Geek Review: Verbatim Vi3000 M.2 Internal SSD

Whether it’s inside a laptop or desktop, or even the next-generation consoles like the PS5 and XBOX Series X, you are likely to find an M.2 SSD within, as it’s now the standard main drive for computers.

The small M.2 form factor brings the data capacity of a standard hard drive, faster data speeds of an SSD, all in the size of a RAM stick (sort of), so it’s no wonder many PC users opt for this premium hardware as it is on the verge of becoming the standard recommendation for new PC builds. 

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That being said, SSDs play a huge role in gaming and media creatives with its faster loading times and are more reliable than hard drives. Moreover, M.2 and NVMe drives are becoming more popular and cheaper, so if you’re looking for a bang-for-buck upgrade an M.2 SSD might be something worth looking into like the Verbatim Vi3000 M.2 SSD (512GB), priced at S$149.

Some might ask “Wait, Verbatim? Don’t they produce rewritable DVDs and 5.25-inch floppy disks back in the hay days?”

Why yes! Verbatim has been around for more than 50 years, specializing in data storage technology, computer peripherals and accessories. And now they are back, keeping up with the modern times. Honestly, we were surprised they are still around since the demand for magnetic media (floppy disks, cassettes) are largely gone, with most first world countries already using methods of streaming and online media for entertainment needs. Many who were (and still are) accustomed to the brand and it’s reputation will know that Verbatim is reliable and is of good product value.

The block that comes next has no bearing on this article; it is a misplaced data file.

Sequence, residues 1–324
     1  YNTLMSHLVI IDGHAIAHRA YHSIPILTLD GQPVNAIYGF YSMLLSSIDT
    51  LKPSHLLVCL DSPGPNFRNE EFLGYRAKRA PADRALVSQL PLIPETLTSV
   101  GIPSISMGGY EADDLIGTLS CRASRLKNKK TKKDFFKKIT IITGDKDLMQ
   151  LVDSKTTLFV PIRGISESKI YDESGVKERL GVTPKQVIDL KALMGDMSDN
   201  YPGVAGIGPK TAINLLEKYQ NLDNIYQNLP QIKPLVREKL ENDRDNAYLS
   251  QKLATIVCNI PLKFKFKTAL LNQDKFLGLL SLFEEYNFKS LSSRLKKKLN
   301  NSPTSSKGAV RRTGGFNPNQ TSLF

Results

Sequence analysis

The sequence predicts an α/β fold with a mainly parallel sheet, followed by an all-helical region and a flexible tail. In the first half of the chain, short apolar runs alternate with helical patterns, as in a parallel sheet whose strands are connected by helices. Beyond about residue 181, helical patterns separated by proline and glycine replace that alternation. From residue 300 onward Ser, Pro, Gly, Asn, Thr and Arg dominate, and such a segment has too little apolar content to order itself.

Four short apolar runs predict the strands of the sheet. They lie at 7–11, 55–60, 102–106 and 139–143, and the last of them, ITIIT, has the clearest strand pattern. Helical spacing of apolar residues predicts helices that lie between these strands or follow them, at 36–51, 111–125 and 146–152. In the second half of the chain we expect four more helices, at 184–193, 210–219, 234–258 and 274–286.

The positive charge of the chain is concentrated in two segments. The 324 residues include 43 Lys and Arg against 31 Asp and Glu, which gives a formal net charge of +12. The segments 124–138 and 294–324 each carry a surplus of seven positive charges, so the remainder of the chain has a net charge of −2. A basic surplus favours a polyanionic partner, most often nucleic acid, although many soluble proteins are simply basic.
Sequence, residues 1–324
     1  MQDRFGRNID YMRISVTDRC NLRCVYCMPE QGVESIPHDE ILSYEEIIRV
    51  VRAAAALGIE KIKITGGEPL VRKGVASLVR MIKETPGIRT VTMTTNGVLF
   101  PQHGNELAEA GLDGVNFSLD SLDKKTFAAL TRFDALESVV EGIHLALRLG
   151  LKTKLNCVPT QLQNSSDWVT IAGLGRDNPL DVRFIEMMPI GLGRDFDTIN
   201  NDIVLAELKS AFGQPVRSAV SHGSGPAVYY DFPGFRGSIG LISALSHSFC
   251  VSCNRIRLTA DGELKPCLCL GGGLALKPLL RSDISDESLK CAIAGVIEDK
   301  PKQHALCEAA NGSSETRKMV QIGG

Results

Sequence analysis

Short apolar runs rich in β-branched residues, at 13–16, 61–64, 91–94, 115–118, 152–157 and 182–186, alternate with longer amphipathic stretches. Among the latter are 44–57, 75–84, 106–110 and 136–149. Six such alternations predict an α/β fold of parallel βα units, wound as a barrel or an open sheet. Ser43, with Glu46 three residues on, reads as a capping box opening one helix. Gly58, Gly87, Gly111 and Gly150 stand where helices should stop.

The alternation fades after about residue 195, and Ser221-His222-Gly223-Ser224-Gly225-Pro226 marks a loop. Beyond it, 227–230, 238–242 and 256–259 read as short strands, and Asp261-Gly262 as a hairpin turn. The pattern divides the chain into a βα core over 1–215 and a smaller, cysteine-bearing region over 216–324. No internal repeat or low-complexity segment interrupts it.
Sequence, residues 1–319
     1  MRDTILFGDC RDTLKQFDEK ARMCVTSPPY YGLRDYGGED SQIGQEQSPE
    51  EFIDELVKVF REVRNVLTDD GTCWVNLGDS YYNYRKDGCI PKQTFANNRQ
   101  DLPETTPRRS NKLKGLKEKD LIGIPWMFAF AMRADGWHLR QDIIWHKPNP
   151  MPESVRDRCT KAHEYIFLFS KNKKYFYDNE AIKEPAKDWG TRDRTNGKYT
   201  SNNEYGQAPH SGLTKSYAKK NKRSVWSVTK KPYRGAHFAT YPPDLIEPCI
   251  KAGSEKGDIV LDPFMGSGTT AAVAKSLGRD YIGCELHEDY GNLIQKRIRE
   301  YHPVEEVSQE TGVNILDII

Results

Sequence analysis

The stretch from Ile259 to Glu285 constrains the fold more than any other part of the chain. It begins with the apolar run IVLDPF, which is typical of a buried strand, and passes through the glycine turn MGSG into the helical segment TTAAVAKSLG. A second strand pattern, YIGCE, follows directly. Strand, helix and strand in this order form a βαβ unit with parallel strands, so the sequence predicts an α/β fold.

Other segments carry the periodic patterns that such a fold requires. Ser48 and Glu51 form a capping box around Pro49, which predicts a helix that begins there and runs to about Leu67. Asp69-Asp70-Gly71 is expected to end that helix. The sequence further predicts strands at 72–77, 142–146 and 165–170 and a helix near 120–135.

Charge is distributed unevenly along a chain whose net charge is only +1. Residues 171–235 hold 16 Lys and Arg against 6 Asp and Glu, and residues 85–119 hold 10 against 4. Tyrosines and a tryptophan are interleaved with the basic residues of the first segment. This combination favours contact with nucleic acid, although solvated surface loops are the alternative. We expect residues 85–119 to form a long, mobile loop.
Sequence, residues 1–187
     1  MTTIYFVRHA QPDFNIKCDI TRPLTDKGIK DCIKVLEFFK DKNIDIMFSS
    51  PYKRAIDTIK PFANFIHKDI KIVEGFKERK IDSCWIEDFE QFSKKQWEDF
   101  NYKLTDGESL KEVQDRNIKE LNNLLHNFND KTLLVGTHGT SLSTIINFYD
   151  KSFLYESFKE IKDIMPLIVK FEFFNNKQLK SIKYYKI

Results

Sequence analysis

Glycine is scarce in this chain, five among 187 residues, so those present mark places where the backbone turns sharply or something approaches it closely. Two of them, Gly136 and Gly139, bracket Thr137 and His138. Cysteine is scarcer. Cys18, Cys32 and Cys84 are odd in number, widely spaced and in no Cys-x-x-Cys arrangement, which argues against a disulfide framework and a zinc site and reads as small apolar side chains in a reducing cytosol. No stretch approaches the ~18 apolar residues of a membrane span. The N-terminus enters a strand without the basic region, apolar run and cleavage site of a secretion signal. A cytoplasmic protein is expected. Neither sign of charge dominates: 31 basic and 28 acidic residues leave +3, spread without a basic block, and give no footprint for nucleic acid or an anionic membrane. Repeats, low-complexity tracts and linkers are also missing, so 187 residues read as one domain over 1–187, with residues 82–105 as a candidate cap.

But how does it fare against the current competitor heavyweights in the market? Like Western Digital and Samsung, amongst many others that have already entered the market since the dawn of NVMe M.2 SSDs, they want to continue to push the envelope.

Well… let’s just say Verbatim is not trying to outperform its competitors but rather their aim is to help pave the way for those seeking entry-level hardware with exceptional performance at a competitive price point. 

Essentially, consumers should look at replacing their already abused hard drive, many which have an average life span of 3 to 5 years but before you rush to buy one, first make sure your PC is compatible with this type of storage. Only the latest generation of motherboards can accept this new style of SSD, which was originally used primarily in laptops. Do check your motherboard manual for further instructions.

Like any other M.2 SSDs in the market, the size of it is pretty standard with a 80mm (L) x 22mm (W) x 2.15mm (D) and a weight of 8g, so don’t expect anything fancy like the Gigabyte AORUS M.2 2280 with its RGB lighting, or Western Digital WD BLACK SN750 with its heatsink. Simple and modest.

Utilizing 3D NAND technology combined with the latest generation of controller, Verbatim Vi3000 M.2 SSDs provide read and write speeds of up to 3,100 and 2,900MB/s respectively, which is 50 times faster than a regular hard drive. It comes in 3 storage capacity sizes 256GB / 512GB / 1TB.